November 1958
January 23rd, 1959

The Tour from Hell

The tour begins, although geography has not been added to the equation. As no holidays have been pencilled, Holly and friends have to endure a gruelling 400 miles between venues. It doesn’t help that everyone is forced to travel on the same bus.

Twisting the night away!

Fans gather at the Fiesta Ballroom in Montevideo in western Minnesota, partially to escape the miserable cold. Holly and friends do not have an entourage with them, so they all have to pack up their things and return to a bus that will probably break down on the road. Before leaving Minnesota, Holly is warned that it can get colder.

January 27th, 1959
January 31st, 1959

Winter is coming

The tour makes its second-longest haul, from Fort Dodge, Iowa, to Duluth. “We had started up this incline,” guitarist Tommy Allsup remembered. “It was snowing real bad, and the bus just started going slower and slower, and the lights got dimmer and dimmer, and all of a sudden the bus stopped.”

Drummer Carl Bunch ends up in hospital due to injuries. Carlo Mastrangelo takes over drums, with help from Valens and Holly.

Up to the skies, boys!

Frustrated by road travel, Holly arranges for a plane to bring him to Fargo, North Dakota. Valens gets on because he wins a coin-flip against Allsup. Richardson has contracted flu, so he’s granted a seat on the plane.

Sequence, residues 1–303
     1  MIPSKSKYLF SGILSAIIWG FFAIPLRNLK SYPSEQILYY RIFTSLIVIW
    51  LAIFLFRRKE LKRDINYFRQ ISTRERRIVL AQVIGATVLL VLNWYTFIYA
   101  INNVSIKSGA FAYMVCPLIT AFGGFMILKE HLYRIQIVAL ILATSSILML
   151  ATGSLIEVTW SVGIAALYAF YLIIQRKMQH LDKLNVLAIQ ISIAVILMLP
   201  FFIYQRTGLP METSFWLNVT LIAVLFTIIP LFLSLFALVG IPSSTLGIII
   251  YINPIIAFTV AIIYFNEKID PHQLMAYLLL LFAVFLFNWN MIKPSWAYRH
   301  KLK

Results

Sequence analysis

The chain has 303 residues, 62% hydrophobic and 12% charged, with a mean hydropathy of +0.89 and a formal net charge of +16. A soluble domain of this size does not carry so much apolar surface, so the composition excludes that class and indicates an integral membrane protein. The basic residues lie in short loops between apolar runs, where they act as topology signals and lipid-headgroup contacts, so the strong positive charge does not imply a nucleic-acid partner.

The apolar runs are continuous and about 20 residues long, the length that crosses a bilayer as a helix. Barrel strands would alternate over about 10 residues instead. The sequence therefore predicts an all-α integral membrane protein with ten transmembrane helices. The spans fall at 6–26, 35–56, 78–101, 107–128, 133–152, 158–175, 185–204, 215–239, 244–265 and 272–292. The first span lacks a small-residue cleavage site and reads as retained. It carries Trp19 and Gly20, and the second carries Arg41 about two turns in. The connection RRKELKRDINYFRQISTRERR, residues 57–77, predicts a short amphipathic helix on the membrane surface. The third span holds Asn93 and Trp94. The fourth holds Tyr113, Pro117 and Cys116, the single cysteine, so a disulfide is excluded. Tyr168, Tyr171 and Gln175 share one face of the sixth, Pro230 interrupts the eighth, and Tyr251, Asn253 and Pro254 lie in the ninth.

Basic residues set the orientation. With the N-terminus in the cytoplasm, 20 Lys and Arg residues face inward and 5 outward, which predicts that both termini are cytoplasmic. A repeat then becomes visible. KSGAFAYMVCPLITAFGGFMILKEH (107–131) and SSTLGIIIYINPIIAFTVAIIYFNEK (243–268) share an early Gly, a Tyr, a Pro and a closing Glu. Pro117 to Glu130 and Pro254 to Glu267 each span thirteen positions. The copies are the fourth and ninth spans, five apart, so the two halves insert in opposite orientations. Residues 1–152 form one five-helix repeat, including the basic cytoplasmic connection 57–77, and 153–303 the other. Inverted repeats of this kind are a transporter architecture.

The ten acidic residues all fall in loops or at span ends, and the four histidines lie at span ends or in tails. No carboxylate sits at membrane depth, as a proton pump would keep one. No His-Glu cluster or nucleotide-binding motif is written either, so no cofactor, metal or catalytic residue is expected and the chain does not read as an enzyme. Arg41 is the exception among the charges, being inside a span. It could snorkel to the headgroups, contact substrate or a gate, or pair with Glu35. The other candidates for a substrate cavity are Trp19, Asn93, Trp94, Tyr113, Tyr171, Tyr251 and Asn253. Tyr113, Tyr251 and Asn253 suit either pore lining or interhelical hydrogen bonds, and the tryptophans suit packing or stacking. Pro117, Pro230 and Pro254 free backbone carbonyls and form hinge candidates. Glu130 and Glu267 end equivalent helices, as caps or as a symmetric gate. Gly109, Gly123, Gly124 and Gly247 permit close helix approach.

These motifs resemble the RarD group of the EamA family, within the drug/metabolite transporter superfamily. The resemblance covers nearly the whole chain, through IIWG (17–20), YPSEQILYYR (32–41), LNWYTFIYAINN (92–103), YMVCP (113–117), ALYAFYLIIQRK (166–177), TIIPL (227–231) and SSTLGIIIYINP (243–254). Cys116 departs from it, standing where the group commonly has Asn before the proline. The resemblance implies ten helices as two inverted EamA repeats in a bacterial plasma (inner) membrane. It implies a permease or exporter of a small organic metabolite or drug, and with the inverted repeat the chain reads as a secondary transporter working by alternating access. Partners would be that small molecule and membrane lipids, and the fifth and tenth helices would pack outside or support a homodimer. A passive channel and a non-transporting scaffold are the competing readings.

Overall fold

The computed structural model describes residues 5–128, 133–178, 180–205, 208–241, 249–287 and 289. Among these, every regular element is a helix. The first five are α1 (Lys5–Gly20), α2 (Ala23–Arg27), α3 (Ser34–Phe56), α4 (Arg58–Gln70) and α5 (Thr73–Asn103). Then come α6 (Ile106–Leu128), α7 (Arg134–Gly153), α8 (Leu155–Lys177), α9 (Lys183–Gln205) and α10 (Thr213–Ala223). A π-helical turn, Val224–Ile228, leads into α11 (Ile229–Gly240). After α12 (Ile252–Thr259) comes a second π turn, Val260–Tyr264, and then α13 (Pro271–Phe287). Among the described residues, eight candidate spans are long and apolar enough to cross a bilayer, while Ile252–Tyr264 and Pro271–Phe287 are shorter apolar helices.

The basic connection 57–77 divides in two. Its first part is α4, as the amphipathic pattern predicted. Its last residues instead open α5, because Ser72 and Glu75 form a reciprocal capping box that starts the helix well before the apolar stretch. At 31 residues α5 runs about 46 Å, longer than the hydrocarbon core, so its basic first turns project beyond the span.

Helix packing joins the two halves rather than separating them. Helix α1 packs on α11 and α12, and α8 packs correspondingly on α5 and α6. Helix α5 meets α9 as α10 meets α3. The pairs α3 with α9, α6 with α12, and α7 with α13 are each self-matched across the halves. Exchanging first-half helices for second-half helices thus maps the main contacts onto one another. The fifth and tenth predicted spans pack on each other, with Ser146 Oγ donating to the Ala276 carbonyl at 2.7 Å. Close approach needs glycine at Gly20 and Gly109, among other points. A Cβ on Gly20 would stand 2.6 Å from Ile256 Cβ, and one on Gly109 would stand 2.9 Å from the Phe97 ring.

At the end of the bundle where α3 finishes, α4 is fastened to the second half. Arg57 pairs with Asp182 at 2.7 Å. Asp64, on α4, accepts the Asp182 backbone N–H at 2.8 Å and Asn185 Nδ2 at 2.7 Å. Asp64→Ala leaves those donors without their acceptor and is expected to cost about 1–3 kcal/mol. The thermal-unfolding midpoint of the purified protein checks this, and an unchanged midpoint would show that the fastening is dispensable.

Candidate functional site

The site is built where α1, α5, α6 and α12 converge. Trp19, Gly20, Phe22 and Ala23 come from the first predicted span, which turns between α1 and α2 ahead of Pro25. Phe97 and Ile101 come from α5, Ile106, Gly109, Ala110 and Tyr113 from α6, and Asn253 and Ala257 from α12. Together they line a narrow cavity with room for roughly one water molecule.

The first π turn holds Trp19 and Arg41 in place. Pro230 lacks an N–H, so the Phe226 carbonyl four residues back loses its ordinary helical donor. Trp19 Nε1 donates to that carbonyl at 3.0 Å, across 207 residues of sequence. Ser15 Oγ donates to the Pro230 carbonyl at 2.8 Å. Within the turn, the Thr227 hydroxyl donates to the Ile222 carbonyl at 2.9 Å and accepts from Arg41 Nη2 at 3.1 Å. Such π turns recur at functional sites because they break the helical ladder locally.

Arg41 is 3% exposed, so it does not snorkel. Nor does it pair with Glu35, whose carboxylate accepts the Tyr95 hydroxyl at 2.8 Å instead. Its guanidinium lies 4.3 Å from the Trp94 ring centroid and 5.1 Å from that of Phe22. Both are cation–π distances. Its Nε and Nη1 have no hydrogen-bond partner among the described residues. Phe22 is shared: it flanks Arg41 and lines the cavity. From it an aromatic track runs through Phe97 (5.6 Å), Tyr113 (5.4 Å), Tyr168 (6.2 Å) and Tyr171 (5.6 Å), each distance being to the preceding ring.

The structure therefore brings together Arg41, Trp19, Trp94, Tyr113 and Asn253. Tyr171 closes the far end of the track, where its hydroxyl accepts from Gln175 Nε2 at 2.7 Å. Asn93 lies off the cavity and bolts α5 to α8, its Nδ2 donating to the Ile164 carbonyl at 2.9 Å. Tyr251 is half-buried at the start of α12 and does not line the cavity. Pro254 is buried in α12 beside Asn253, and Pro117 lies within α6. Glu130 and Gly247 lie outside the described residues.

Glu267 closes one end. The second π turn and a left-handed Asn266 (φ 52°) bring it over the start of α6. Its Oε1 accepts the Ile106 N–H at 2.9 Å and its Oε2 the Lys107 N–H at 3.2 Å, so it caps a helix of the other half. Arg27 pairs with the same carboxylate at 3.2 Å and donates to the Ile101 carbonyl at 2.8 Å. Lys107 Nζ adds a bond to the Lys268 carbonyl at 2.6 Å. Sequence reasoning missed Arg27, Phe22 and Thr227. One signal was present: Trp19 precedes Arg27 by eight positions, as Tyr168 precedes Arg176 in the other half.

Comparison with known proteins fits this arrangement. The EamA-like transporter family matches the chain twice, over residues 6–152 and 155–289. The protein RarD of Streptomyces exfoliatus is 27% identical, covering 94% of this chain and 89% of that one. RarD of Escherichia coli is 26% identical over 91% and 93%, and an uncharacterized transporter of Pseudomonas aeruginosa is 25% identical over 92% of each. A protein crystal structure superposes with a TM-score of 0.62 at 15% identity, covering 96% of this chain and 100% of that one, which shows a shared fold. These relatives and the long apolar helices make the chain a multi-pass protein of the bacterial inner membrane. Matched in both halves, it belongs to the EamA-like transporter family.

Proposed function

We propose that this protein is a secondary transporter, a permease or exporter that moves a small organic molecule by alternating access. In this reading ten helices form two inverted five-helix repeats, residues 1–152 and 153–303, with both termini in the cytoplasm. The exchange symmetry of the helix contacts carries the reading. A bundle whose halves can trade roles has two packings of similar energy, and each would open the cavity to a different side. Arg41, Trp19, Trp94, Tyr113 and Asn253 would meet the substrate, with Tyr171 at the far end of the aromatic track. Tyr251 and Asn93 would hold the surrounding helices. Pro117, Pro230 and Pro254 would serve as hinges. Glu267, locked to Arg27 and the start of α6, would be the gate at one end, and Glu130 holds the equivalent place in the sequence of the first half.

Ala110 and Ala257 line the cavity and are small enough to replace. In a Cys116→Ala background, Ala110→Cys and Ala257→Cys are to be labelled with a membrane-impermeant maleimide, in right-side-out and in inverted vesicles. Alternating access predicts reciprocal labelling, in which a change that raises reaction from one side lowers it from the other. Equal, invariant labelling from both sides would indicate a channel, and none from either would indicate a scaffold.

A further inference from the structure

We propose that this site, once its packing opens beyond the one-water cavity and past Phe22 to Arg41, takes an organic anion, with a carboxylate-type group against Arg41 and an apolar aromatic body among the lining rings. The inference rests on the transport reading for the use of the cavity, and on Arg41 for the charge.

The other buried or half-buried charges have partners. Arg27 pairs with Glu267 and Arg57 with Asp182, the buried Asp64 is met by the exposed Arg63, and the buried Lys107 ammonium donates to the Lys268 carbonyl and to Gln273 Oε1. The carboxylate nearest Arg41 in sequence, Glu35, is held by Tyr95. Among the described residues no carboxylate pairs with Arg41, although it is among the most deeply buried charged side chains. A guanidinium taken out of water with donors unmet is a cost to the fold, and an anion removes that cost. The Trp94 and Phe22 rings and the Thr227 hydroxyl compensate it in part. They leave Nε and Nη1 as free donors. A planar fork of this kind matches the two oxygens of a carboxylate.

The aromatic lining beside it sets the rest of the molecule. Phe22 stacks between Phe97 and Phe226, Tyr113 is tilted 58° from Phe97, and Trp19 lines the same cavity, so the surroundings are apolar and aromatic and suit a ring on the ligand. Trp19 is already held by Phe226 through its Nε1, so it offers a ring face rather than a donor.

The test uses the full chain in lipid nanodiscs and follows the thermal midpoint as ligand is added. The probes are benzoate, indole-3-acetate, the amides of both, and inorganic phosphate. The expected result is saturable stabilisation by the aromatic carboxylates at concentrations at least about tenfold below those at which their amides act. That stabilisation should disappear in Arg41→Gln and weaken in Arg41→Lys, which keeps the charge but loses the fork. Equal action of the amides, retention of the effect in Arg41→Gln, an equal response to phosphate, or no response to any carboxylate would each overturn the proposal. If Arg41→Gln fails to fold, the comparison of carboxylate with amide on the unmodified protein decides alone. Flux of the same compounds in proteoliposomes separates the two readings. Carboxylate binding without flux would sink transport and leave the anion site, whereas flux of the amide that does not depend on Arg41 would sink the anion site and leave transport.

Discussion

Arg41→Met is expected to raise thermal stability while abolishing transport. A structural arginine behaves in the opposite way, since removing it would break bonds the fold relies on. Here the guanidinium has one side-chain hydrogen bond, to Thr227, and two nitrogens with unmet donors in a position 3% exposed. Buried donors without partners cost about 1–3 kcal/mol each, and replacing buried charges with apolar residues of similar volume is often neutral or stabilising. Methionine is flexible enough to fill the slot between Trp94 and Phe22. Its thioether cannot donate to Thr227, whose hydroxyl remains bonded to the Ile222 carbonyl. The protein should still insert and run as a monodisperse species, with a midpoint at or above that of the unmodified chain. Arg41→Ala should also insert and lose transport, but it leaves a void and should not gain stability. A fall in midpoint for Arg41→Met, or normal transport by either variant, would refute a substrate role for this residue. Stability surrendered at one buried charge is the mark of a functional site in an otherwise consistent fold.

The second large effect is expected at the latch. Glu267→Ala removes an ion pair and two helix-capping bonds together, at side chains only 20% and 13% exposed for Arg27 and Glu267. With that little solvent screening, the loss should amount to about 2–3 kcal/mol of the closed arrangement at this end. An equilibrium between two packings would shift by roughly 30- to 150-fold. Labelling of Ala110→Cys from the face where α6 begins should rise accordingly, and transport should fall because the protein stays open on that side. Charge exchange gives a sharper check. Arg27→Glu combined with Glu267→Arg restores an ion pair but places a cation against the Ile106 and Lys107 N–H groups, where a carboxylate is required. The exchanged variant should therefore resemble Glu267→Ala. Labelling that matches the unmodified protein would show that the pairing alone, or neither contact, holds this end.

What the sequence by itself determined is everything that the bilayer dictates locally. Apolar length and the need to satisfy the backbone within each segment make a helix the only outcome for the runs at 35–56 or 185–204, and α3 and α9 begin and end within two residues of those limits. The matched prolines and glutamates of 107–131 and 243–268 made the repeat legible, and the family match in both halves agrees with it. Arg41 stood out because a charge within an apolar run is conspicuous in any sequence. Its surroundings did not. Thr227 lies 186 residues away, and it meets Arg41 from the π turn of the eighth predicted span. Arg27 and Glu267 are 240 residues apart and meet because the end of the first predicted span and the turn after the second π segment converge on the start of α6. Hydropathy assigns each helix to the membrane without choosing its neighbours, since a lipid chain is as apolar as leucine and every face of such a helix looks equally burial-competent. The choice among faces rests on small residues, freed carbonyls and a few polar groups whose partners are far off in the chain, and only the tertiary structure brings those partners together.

In a moment of unfortunate mockery, Holly bandmate Waylon Jennings says he hopes the plane comes crashing down.

February 2nd, 1959
February 3rd, 1959

The death of rock and roll

American musicians and heartthrobs Buddy Holly, Ritchie Valens, and ‘The Big Bopper’ J.P Richardson perish in a plane crash near Clear Lake, Iowa.

American musicians and heartthrobs Buddy Holly, Ritchie Valens, and ‘The Big Bopper’ J.P Richardson perish in a plane crash near Clear Lake, Iowa.

La tristessa durera

Holly’s funeral is held at Tabernacle Baptist Church in Lubbock. Worn down by grief, and soon to endure a miscarriage, widow Maria Santiago Holly blames herself for her husband’s death.

“In a way, I blame myself. I was not feeling well when he left. I was two weeks pregnant, and I wanted Buddy to stay with me, but he had scheduled that tour. It was the only time I wasn’t with him. And I blame myself because I know that, if only I had gone along, Buddy never would have gotten into that aeroplane.”

February 7th, 1959

Could it have been avoided?

Holly’s brother Larry gets a report from the Civil Aeronautics and ultimately decides that Roger Peterson, the pilot in question, was unsuitable for the operation in question. Peterson perished along with the singers.

“He could have been reading this backwards,” Larry surmised. “They were going down, they thought they were still climbing.”

Lest we forget them

American songwriter Don McLean puts his feelings to tape with ‘American Pie’, a shimmering look at the changing landscape the three deceased rockers were an integral part of. He pegs February 3rd, 1959 as ‘The Day the Music Died.”

It features on American Pie, an album that is now considered a watershed of 1970s culture. 

May 26th, 1971